John C. Madden, deceased, was a pioneer citizen and highly respected
business man of Mendota, Illinois. He was born in Bandon, County Cork,
Ireland, June 17, 1830, and was a son of Stephen and Hannorah (Hurley)
Madden. The father was a native of county Meath, Ireland, born in the last
year of the eighteenth century, and his death occurred in Mendota about
1876. The subject of this review accompanied his parents on their emigration
to America when about four years old, the family locating in Taunton,
Massachusetts, where he passed his boyhood days, acquiring a good
common-school education. He also served an apprenticeship to the trades of
carpenter and pattern-maker, thus thoroughly equipping himself for a
successful business career. He was reared under the parental roof and early
taught the importance of industry and perseverance in the affairs of life.
The surviving children of his father's family are: Mrs. Peter Donohue, of
Mendota; and Mrs. Chester Stevens, of Wichita, Kansas.
Realizing that the broad prairies of Illinois would prove an advantageous field of labor for ambitious young men Mr. Madden came to LaSalle county in 1832 and for several months devoted himself to the work of carpentering and building. In the spring of 1853 he returned to Taunton, Massachusetts, and on the 4th of April of the same year was united in marriage, in St. Mary's Catholic church, of that city, to Miss Mary Sullivan, who shared with him the joys and sorrows of life until he was called to the home beyond. Immediately after their marriage the young couple, accompanied by his parents, came to Illinois, taking up their residence upon a farm about four miles north of Mendota.
There Mr. Madden remained until 1855, when he removed to the city and became associated with others in the organization of the Eagle Manufacturing Company formed for the purpose of manufacturing gang plows. The company was succeeded by another in which the leading stockholders were Mr. Madden, Peter Donohue, Warren Clark and William Rockford. In 1860 this company sold its interests to the firm of Donohue & Madden, the latter gentlemen establishing a foundry and machine shop, in which they engaged in the manufacture of wagons and agricultural implements. The partnership was continued uninterruptedly and most harmoniously up to the time of Mr. Madden's death, and the business was one of marked success, for years being numbered among the substantial enterprises of the city. The firm of Donohue & Madden underwent no change after Mr. Madden's death, save that his son Stephen J. succeeded to his interest in the business.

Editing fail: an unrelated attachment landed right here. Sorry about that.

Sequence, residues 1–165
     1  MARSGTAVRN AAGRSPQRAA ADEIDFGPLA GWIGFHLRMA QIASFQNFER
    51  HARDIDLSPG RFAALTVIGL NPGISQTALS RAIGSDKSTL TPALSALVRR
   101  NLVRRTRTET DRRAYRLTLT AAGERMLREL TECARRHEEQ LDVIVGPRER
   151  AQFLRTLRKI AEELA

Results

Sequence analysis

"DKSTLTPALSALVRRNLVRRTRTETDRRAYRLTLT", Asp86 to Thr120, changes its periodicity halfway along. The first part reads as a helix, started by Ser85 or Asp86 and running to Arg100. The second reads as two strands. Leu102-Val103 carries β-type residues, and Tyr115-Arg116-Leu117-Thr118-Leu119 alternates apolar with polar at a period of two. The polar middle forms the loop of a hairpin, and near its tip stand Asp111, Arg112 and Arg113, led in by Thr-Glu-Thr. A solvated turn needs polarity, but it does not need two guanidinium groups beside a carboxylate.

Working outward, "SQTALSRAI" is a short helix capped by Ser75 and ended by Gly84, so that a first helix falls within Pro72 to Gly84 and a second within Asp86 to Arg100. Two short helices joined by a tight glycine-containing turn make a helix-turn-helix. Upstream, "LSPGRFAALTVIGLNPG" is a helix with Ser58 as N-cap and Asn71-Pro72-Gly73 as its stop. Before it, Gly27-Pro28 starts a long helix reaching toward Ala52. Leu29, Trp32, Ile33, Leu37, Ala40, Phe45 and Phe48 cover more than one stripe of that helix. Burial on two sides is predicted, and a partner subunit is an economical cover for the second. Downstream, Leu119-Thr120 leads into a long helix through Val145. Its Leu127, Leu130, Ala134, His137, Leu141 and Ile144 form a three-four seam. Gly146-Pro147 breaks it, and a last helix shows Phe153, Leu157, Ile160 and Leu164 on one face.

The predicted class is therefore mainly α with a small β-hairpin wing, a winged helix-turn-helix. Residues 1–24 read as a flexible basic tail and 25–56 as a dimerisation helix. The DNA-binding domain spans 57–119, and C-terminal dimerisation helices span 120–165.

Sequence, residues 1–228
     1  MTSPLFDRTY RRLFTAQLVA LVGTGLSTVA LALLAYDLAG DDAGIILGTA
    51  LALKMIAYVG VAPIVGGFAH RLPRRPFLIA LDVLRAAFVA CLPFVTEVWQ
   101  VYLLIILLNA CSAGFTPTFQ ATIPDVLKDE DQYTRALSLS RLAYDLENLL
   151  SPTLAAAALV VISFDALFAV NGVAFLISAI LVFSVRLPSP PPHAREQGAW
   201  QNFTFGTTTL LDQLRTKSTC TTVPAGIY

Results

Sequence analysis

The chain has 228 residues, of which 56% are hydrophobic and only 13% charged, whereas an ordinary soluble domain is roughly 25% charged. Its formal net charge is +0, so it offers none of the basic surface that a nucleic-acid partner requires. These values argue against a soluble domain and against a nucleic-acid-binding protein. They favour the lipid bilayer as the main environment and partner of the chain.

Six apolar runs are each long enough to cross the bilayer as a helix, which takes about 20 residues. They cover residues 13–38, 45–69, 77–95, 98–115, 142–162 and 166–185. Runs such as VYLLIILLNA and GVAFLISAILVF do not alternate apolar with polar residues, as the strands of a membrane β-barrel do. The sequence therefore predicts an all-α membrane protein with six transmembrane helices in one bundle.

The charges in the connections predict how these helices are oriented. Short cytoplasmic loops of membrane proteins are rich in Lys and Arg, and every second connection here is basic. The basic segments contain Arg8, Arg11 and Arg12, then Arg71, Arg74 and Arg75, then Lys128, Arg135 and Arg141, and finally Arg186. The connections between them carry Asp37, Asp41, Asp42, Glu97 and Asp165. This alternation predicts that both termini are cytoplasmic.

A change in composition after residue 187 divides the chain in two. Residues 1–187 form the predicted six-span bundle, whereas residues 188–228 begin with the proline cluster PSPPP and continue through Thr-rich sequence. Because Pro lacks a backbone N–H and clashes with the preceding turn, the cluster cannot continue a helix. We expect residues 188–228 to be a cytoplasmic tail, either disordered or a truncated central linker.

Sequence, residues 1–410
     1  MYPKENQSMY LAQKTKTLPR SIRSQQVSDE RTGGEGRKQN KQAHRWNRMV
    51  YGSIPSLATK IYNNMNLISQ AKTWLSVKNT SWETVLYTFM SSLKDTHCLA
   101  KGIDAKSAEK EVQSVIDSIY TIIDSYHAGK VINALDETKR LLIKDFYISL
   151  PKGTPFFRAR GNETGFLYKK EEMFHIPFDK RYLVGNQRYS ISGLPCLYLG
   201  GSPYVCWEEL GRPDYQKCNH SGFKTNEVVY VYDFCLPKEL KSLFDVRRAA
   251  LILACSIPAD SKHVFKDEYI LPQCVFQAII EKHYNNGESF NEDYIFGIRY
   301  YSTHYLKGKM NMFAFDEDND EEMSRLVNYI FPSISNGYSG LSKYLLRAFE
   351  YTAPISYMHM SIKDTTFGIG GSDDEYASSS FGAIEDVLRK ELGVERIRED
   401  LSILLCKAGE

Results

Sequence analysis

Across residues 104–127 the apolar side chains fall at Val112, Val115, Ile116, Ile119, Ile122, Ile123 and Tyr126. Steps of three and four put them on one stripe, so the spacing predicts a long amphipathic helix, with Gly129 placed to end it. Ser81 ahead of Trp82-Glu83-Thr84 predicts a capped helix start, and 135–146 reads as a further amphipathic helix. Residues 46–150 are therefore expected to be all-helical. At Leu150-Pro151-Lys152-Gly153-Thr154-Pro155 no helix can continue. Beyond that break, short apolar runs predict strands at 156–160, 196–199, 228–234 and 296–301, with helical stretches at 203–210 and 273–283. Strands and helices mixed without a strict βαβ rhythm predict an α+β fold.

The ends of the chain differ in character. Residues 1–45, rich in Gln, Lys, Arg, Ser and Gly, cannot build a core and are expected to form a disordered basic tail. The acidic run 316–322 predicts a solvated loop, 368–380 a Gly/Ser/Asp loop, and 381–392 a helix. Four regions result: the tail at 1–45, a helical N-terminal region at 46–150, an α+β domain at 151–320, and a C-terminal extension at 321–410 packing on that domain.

Unto our subject and his wife, who was a native of Ireland, nine children were born, one of whom, Charles T. Madden, died recently. He served as postmaster of Mendota, and was well and favorably known. The surviving children are: George H., of the Germania Bank of Mendota; Stephen J., his father's successor in business; John F., an attorney at law; Edward T., a bank cashier; Mary, wife of A. H. Eagan, of Evansville; and Emma. Mrs. Madden also survives her husband, and is one of the most estimable ladies in the city, having a large circle of warm friends in the community where she has so long resided.
Mr. Madden passed away March 16, 1897, and his death was the cause of much sorrow in Mendota, as he was universally respected and liked here. In the management of his financial affairs he was very enterprising and successful, and his course was marked by the highest integrity. His employes and associates in business had for him warm regard, and his genial and cheery manner and his strong and hearty sympathy with those in trouble won him lasting friends. He was a public-spirited citizen, always ready to assist in promoting laudable enterprises, and was a man of worth to the community. He served as alderman and as school trustee and in those official capacities sought to advance the welfare of the people whom he represented. His integrity was ever above question, and his memory will ever be cherished by those who enjoyed his friendship.
"His life was noble and the elements
So mixed in him that Nature might stand up
And say to all the world. 'This was a man.' "
Extracted 18 Aug 2017 by Norma Hass from Biographical and Genealogical Record of LaSalle County, Illinois, published in 1900, volume 2, pages 508-510.